|Visited July 2014
Made a point of checking out these two barrows as they were the only ones in the area that had officially been declared "round barrows" rather than "mounds". It would seem they only got to be officially recorded because they were dug into by Sir John Evans in 1851 and an artifact ended up in the Ashmolean.
Willful neglect seems to be the order of the day around these parts when it comes to antiquates, a local tradition that lives on into the present day.
Of the two barrows, the one furthest north at SK 41410079 is barley there. I could just make out a slight dome in the crop height after standing on a gate and looking over the field. I guess the trees around the mound were felled and the whole site ploughed level. Maybe you can see more when the crop is cut but not at this time of the season. It did make a perfect placement for a barrow and the drovers track (a gated road) that runs between the two barrows felt old, although the Romans are credited with most of the roads around here.
The second barrow is in the garden of the old vicarage. I read somewhere that Sir John Evans was the local vicar in 1851 which was probably why he dug into the barrow in the first place. From the lane, you can't see much of this except mature trees and a high hedge. A gate is placed next to the barrow but access is private. The lane seems to have been widened at some time, with the side of the barrow and ditch being cut into. Again, unless you knew where to look and from what angle, this site is well hidden.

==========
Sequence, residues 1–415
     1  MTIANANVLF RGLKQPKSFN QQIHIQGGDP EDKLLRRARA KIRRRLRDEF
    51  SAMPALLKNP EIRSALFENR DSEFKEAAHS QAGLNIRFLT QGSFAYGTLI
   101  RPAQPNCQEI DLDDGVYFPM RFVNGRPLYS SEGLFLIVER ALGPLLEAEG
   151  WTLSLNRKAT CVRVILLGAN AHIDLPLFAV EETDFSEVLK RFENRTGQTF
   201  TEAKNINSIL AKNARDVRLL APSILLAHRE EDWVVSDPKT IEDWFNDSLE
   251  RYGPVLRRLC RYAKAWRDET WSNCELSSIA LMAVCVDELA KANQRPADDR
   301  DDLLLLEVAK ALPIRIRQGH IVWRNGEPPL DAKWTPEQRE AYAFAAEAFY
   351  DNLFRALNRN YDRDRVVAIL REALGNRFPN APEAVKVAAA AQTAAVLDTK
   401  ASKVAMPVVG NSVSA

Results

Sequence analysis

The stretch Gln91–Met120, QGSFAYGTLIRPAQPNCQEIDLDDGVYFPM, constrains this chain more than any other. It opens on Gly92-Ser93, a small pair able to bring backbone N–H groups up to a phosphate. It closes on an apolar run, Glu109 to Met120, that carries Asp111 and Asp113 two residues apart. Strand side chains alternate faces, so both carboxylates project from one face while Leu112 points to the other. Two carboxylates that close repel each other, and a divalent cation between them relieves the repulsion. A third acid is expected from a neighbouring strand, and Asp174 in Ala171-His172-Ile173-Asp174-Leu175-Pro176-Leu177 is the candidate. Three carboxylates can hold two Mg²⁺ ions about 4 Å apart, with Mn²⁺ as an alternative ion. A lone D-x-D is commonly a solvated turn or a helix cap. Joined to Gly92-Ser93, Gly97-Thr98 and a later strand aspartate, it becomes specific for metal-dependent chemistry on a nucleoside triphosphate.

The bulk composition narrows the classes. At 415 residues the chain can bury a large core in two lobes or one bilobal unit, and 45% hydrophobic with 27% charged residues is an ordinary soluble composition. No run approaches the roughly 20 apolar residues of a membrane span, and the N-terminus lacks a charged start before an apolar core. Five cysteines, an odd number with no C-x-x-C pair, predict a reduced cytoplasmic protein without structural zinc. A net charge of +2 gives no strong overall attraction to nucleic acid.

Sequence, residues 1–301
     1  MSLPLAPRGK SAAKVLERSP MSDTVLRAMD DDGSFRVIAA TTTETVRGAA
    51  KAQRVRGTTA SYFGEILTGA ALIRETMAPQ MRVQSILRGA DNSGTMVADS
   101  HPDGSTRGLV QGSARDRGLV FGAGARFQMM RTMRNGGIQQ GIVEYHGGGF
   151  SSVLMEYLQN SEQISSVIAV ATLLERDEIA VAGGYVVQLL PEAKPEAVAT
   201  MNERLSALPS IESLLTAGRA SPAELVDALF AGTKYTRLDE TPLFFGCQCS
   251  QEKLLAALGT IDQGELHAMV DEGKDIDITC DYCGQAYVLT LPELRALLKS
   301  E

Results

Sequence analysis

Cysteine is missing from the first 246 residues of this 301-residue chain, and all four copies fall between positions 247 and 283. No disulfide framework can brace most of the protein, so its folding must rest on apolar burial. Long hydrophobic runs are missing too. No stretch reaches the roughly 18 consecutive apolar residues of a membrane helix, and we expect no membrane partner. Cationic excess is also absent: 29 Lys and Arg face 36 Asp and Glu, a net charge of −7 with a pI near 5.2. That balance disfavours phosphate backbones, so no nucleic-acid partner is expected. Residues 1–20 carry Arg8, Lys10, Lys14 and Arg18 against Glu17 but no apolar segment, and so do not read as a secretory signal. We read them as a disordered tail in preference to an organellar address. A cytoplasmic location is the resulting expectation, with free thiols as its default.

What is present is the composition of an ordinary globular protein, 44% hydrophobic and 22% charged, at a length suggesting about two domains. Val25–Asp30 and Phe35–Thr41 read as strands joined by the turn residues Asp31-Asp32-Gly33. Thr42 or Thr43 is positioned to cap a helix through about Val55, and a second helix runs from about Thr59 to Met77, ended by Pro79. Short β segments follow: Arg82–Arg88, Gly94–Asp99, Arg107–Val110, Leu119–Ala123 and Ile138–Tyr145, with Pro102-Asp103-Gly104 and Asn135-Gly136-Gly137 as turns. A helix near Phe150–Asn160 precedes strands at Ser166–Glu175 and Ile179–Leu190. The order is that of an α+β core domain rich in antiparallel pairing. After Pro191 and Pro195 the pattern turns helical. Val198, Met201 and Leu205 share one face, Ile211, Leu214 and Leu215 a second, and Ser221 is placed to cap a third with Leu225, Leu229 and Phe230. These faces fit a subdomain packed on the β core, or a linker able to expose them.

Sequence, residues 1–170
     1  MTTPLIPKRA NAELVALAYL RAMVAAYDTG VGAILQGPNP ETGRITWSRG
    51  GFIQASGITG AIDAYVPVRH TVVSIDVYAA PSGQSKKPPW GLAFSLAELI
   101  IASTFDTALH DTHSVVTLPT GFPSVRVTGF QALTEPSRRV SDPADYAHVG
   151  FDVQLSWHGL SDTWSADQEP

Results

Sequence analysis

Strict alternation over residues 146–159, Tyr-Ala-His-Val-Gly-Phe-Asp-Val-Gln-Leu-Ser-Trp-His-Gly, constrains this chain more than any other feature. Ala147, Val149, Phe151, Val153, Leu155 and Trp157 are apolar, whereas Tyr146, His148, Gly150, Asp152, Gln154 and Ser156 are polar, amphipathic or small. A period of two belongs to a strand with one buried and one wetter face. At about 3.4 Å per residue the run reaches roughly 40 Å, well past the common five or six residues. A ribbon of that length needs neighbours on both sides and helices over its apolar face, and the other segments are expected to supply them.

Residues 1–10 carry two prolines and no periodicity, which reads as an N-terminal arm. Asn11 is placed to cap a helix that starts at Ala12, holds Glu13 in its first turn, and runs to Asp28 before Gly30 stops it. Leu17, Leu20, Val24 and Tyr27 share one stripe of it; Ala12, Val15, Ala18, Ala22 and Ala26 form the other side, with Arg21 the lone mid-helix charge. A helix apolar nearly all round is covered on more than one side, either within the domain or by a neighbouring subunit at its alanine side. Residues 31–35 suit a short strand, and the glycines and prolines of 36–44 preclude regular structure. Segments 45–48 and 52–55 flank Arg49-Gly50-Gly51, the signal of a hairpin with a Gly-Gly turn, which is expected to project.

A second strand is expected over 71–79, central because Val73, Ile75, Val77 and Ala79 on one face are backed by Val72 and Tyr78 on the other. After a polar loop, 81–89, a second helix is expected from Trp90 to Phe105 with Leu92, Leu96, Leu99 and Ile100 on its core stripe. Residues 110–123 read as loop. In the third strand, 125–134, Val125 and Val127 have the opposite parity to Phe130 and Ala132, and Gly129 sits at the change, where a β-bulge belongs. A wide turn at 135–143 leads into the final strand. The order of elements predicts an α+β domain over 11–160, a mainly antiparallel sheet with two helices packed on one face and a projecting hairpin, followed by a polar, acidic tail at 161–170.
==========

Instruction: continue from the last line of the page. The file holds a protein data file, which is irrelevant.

I decided to chance my luck and made enquires to a guy on the front driveway in a large motor home. Initially he seemed a bit hesitant, saying the lady of the house would be back in an hour, but I persisted in my request to photograph the barrow and after checking with the kids playing in the garden, he allowed me access. I walked around the barrow taking pictures and asking the kids what they knew of the site. The side nearest the house had been utilized as an Anderson shelter in WWII but positioned as not to destroy the barrow itself. (Nothing on Pastscape about this addition). I remarked about spirits, but they seemed quiet happy and proud to have this barrow in the back garden. This monument survives well and had a contented vibe about it, which is far more than can said of some of the antiquities in the area.
Hardly worth a visit in itself, but maybe for the drive-by TMA types after visiting the Bosworth Battlefield or Bosworth country park.
Posted by Chance
29th July 2014ce